We don't have a Chopin to help us mourn, that's part of the difference. We have Elgar, but he celebrates our deep rural complacency, occasionally throwing in a little patriotic pomp and circumstance to check we're awake, but he doesn't write the music of our souls. Do we even have souls as a people?

I know nothing of the actualities of Polish politics, but I think I grasp sufficient of its emotionalism to understand how a leader might come along who seems to speak for the nation's hurt. How far the politicians who died on their pilgrimage to Katyn were in reality speaking for that hurt, I don't know. But it could be that where your national sense of self is a throb of anguish never to be assuaged, the illusion that your leaders feel as you feel is as good as the reality. To our credit and our discredit, we have no such hunger. You get the Chopin you deserve and we got Elgar. We are alternately a contented and a satiric people. When it comes to politics – which for the most part we resent as a distraction – it's important to our identity to believe we are led by fools, and for the most part the fools who lead us don't let us down.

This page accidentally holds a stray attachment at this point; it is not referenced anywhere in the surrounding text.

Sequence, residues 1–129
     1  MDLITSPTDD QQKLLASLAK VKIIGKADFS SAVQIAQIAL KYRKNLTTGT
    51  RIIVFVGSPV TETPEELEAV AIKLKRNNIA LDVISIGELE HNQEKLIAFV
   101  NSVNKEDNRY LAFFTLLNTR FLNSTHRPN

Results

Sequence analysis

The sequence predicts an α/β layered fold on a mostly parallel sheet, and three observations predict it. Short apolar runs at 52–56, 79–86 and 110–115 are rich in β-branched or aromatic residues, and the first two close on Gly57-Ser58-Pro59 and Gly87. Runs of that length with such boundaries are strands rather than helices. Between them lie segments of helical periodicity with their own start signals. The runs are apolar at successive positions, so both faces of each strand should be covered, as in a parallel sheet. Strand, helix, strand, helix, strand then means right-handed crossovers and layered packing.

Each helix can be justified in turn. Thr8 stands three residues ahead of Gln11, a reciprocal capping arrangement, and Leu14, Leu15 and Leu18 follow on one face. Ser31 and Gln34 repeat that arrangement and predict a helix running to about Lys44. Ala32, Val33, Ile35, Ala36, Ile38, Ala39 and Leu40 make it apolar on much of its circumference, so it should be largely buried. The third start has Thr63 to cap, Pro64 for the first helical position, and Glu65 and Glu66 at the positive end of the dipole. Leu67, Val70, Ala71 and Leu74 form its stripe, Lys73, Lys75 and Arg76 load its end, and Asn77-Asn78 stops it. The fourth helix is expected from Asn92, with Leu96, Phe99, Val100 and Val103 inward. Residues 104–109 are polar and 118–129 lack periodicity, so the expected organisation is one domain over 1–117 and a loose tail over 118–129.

So is the question not about how close our political elite is to our hearts, but whether we can be said to have a political elite at all?

This is not, of course, a good time to be imagining mourning a single politician, let alone a cadre of them. "Entire Cabinet feared lost" – would that press our buttons? Would we care as we cared when an entire football team went down? Elections bring out the worst in politicians. I don't mean the bare-faced lying, I can take the bare-faced lying, I mean the gibberish delivered on the insolent assumption that we won't notice it's gibberish. I'm not saying that our parties are the same as one another; they are definitely not the same as one another when it comes to what they'll do, but they are criminally the same as one another when it comes to the gibberish they speak in telling us what they'll do.